Scaling down a bit, to entirely superficial matters, my self-image is as certain and secure as it is changing and fluctuating. When I view myself on the outside – when I wonder how I strike people – I can be as harsh as I can be fair. I’m neither pretty nor ugly (in the conventional ways), I am both entirely average and entirely unique. Most girls I see and compare myself to are pretty yet so boring to look at; they all look the same, dress the same, wear their long hair the same. I feel I look different but in a good way and the megalomaniac in me often wonders why no one seems to ‘fancy’ me. Then the self-deprecator in me answers by saying everyone is unique; what I feel or exude is nothing unusual or extraordinary thus why should I seem more noticable because of that? Yeah, it’s both a sad and a bad excuse, but maybe profoundly human as well?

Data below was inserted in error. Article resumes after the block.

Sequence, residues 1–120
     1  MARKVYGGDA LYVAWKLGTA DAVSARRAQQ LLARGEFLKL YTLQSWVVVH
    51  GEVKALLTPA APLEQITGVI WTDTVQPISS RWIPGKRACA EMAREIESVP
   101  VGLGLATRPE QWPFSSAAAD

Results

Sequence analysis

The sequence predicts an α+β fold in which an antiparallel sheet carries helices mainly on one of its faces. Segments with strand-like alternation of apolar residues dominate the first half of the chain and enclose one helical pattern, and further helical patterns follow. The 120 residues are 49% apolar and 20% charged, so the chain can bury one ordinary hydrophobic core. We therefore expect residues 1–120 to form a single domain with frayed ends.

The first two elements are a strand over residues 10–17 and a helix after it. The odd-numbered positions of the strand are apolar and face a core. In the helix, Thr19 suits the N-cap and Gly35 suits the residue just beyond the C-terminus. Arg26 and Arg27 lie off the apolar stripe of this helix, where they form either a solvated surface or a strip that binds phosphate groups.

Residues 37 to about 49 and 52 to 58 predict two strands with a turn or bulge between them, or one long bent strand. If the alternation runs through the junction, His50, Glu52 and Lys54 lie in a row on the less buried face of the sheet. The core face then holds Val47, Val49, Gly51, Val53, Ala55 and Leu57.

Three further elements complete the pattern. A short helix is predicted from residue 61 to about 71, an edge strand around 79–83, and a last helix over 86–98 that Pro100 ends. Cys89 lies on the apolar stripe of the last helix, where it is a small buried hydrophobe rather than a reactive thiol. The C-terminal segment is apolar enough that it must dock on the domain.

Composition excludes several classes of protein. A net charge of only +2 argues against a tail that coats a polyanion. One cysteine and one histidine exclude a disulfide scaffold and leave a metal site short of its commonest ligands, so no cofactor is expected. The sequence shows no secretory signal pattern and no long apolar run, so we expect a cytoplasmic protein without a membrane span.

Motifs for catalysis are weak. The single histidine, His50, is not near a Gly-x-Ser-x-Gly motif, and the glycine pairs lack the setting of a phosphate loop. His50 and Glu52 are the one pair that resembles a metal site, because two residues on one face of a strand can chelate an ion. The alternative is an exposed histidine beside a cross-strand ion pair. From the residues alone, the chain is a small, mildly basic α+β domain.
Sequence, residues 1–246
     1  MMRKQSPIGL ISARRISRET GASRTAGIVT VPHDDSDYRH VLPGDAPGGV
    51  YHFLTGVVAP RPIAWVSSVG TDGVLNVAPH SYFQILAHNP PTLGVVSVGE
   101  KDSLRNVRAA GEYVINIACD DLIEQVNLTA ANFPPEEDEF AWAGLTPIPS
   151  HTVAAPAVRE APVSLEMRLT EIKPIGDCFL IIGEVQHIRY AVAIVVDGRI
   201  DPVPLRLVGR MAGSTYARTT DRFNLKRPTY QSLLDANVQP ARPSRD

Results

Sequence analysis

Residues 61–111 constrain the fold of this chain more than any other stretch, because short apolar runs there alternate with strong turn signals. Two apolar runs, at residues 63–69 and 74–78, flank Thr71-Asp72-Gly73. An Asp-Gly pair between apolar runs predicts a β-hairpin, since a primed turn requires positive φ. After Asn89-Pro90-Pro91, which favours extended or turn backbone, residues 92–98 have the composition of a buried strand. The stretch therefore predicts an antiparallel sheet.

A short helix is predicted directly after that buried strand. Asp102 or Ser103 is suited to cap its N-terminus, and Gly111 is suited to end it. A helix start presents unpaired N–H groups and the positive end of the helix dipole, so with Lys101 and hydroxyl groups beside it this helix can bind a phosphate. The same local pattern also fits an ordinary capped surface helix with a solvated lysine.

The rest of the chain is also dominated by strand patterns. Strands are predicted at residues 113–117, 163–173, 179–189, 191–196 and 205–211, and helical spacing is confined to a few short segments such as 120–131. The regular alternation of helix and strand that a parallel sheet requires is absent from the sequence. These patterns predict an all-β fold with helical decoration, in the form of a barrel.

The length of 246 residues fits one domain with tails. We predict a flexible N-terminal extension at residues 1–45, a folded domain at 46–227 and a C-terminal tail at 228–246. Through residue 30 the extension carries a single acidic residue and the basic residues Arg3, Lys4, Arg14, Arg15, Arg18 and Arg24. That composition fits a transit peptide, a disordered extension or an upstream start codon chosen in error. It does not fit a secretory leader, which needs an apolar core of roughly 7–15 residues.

It is especially in matters of romance that I feel caught permanently in-between, never getting a taste of either side, so to speak. That I’ve drawn the shortest straw. Or simply haven’t drawn anything because the straw was given to someone else. Should I feel particularly lucky about that? I don’t know since I can only feel unlucky about not having been given the chance to draw in the first place. I’ve come so desperately close once (I think) only to see it ripped away from me before anything truly came to be. In these matters I feel myself wondering about fate and karma and superstition and all that shit, because I’ve never been given a sign or thrown a bone – and if I have, I’ve been purposely blinded to it or have gotten it taken away from me before I even managed to grasp it. I’ve not lived long but long enough to wonder if it will ever happen. Truly. I may overthink and over-analyze things, become too self-centered too easily, because I know other people around me, the same age, mind or personality, are as inexperienced as I am in these matters; I’m no extraordinary case. I tell myself over and over again that it will happen when it happens, that love and soul mates don’t have to come from romance but can be found amongst family and friends and myself even – which I already have. But love like that – well, it isn’t necessarily stagnant and unquestionably secure – it just isn’t … enough. And I don’t know whether it is society that erroneously has taught me so; to expect romance and love to come swooping down in immediate, various forms as I got older, or really my inner being having a hole where something – something significant – is missing. Some part of me feel that I have something to fill and give that I cannot receive and give through the ‘altruistic’ love of family and friends. Something from which I will change, mature and develop from in different ways than the love of family and friends and myself. Rather than a question whether I will feel whole or not through such love, it is about not sitting in a life-long pool of stagnation and being content with that.